“People-centred, inclusive, experimental, data-enabled and connected,” – these are the five elements of the “new practice of public problem-solving,” according to US political scientist Anne-Marie Slaughter. Slaughter outlined her vision for how government, civil society and the private sector must work together to solve problems like climate change, homelessness or work-life balance, in an acceptance speech for the 2018 Dr. Michael Endres Prize, awarded by the Hertie School of Governance on 8 October.
Slaughter is the second laureate to receive the Hertie School’s 50,000-euro research prize. She is currently President and CEO of New America, a think tank and civic enterprise with offices in Washington DC, and New York.
Horst Köhler, former President of the Federal Republic of Germany, and head of the jury, presented the prize, citing Slaughter’s “… outstanding research on networks and global governance and her tireless work for the dialogue between academia, civil society and policy-making.”
In his laudation, Hertie School President Henrik Enderlein described Slaughter’s career and accomplishments: “We honour the scholar for her outstanding research on networks and global governance, we honour the academic leader who served as Dean of the Woodrow Wilson School at Princeton, we honour the policy leader who served as Director of Policy Planning in the US State Department under the Obama administration. We honour the civil society leader who since 2013 has been the CEO of New America Foundation, we honour the engaged citizen who shaped so many debates about important, sometimes controversial concepts such as the responsibility to protect or the gender impact on work-life balance. In sum, we honour a thought-leader who serves as a role model for so many men and women worldwide.”
Slaughter has been involved with the Hertie School since its incipience in the early 2000s. As Dean at Princeton University's Woodrow Wilson School in 2002, she was a member of the group assembled to shape the Hertie School’s mission. Much of the discussion centred around the school’s name, defining it as a school of “governance”, she noted in her speech. This reflected Slaughter’s own conviction that public problem-solving requires the joint effort of all three pillars of society: “All of you can work in government, but you can also work in the civic sector and the private sector – we need all three of those sectors to solve our public problems,” she told students in the audience.
Slaughter’s vision for the new practice of public problem-solving “sees the person at the centre,” she said. “We need to ask people how they see a problem and what they need as a solution – this sounds pretty common-sensical, but it is not the way government often functions,” she said. In the “old practice”, policies were conceived through research and analysis, presented to lawmakers or regulators, passed, implemented and “then we discovered the unintended consequences and started over to amend this idea.” A big difference today is that, “critically, civic and social entrepreneurs can practice from bottom,” she said.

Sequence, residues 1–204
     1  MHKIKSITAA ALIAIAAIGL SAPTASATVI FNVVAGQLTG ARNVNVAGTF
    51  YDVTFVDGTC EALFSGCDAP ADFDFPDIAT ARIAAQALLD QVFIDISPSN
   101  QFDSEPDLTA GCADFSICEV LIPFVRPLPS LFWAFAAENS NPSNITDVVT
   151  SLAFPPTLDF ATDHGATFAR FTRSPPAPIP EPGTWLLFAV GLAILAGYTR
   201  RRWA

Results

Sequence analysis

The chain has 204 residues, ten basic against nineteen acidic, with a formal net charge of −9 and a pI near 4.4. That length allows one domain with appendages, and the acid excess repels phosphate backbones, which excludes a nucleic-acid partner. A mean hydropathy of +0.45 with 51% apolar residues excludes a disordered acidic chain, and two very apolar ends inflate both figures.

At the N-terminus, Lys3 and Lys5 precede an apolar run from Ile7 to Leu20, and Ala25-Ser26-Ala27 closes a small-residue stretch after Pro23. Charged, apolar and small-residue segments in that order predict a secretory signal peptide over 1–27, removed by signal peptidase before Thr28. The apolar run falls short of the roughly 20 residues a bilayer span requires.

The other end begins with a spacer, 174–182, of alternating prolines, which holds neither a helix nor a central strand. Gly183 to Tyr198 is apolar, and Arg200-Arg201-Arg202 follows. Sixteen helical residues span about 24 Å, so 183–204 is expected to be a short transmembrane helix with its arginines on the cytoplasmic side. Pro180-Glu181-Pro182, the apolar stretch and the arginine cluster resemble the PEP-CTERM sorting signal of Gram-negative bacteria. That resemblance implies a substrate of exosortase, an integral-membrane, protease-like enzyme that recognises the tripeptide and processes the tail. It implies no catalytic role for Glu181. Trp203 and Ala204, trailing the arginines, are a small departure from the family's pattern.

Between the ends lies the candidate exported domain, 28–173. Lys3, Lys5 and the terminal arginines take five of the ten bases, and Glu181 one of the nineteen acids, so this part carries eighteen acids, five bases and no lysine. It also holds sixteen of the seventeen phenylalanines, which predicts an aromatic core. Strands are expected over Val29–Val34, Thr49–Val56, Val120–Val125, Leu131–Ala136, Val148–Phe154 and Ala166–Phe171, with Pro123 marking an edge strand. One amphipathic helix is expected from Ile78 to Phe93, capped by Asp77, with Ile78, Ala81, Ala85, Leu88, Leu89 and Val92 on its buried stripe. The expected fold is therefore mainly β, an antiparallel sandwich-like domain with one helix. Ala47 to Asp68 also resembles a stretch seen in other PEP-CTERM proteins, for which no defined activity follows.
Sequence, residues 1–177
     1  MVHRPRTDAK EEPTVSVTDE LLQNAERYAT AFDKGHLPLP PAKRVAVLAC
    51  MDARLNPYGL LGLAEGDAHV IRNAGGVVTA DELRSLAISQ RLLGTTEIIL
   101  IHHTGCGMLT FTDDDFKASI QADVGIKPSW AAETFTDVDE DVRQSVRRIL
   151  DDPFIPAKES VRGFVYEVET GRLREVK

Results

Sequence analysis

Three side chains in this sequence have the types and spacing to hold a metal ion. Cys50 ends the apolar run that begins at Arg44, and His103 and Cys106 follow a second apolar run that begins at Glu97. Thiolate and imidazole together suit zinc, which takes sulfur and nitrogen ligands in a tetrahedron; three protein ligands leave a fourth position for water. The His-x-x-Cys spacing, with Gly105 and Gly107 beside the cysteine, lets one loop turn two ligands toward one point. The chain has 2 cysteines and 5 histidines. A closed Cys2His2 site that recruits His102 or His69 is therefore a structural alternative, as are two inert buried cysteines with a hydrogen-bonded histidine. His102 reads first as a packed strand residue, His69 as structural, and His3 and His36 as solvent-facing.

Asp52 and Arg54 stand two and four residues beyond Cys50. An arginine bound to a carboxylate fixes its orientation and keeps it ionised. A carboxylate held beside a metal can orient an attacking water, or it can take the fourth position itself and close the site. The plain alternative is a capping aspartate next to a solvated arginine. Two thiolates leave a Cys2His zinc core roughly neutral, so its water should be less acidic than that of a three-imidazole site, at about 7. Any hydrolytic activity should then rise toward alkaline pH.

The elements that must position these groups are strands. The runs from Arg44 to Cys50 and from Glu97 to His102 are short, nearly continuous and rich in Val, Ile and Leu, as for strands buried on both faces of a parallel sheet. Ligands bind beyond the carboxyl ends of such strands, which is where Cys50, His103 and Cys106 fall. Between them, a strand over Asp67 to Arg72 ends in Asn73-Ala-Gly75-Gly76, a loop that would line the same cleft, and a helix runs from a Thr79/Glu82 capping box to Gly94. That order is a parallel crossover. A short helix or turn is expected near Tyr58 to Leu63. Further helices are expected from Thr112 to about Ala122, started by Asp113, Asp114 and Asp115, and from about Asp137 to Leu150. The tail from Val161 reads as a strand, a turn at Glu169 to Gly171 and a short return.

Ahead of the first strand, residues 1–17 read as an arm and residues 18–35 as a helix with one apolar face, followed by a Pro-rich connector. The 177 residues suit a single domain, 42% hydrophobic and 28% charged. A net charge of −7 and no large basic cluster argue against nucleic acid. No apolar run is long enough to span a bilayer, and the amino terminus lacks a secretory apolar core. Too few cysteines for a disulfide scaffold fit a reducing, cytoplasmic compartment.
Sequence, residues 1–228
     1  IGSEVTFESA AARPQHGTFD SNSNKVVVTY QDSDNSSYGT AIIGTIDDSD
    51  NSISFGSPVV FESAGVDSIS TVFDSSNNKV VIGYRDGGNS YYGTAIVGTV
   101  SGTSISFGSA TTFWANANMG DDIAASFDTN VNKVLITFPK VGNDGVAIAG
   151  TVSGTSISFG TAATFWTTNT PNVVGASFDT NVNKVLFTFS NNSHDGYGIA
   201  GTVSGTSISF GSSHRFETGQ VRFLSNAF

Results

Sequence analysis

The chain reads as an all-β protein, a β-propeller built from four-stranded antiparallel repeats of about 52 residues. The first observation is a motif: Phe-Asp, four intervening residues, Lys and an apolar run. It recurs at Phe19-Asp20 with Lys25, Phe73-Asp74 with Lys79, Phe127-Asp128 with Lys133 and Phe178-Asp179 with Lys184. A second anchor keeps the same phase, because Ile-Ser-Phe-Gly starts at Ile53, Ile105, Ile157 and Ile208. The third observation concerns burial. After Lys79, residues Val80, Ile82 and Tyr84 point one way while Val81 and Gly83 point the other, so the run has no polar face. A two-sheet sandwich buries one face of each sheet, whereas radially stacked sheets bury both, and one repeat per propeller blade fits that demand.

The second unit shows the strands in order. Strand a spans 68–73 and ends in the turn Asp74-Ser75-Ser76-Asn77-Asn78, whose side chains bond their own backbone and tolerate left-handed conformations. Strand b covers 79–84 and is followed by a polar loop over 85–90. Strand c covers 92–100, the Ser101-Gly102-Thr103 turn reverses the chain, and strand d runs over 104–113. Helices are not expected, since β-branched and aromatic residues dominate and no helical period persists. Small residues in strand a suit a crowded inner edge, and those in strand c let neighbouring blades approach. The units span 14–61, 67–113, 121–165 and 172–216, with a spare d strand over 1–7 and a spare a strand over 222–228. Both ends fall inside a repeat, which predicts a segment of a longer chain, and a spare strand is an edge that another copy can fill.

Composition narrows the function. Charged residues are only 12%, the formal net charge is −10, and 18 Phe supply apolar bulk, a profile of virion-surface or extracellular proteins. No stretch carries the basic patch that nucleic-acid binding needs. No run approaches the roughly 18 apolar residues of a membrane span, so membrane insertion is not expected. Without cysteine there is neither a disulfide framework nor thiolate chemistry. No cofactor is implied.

Following the ceremony and lecture, Slaughter, Enderlein and Thomas Bagger, Director of Foreign Policy at the Office of the German Federal President, participated in a panel discussion on the subject of future policy-making.
Earlier in the day, Slaughter co-taught a class with Hertie School Master of Public Policy students on Managing Non-Profits and Foundations, in which students had the chance to ask questions about her experience as head of a non-profit foundation. She will visit the Hertie School several times in the Academic Year 2018/19, where she will work with students on new methods of solving public problems and also hold a series of lectures.
The Dr. Michael Endres Prize is awarded to renowned academics whose work centres on topics within the Hertie School’s research and teaching fields, and who have helped bridge academic research and policy-making. The prize is named for the long-time Chairman and current honorary Chairman of the Hertie Foundation’s Board of Trustees, Dr. Michael Endres, who was instrumental in founding the Hertie School in 2003 and who has helped guide its successful development since.
Former German President Horst Koehler headed the jury, which also included Maria Böhmer, President of the German UNESCO Commission, Helmut Anheier, former President of the Hertie School, Tanja Gönner, Chair of the Management Board of the Deutsche Gesellschaft für Internationale Zusammenarbeit (GIZ), Wolfgang Schön, Director at the Max Planck Institute for Tax Law and Public Finance, and Frank-Jürgen Weise, Chairman of Board of the Hertie Foundation.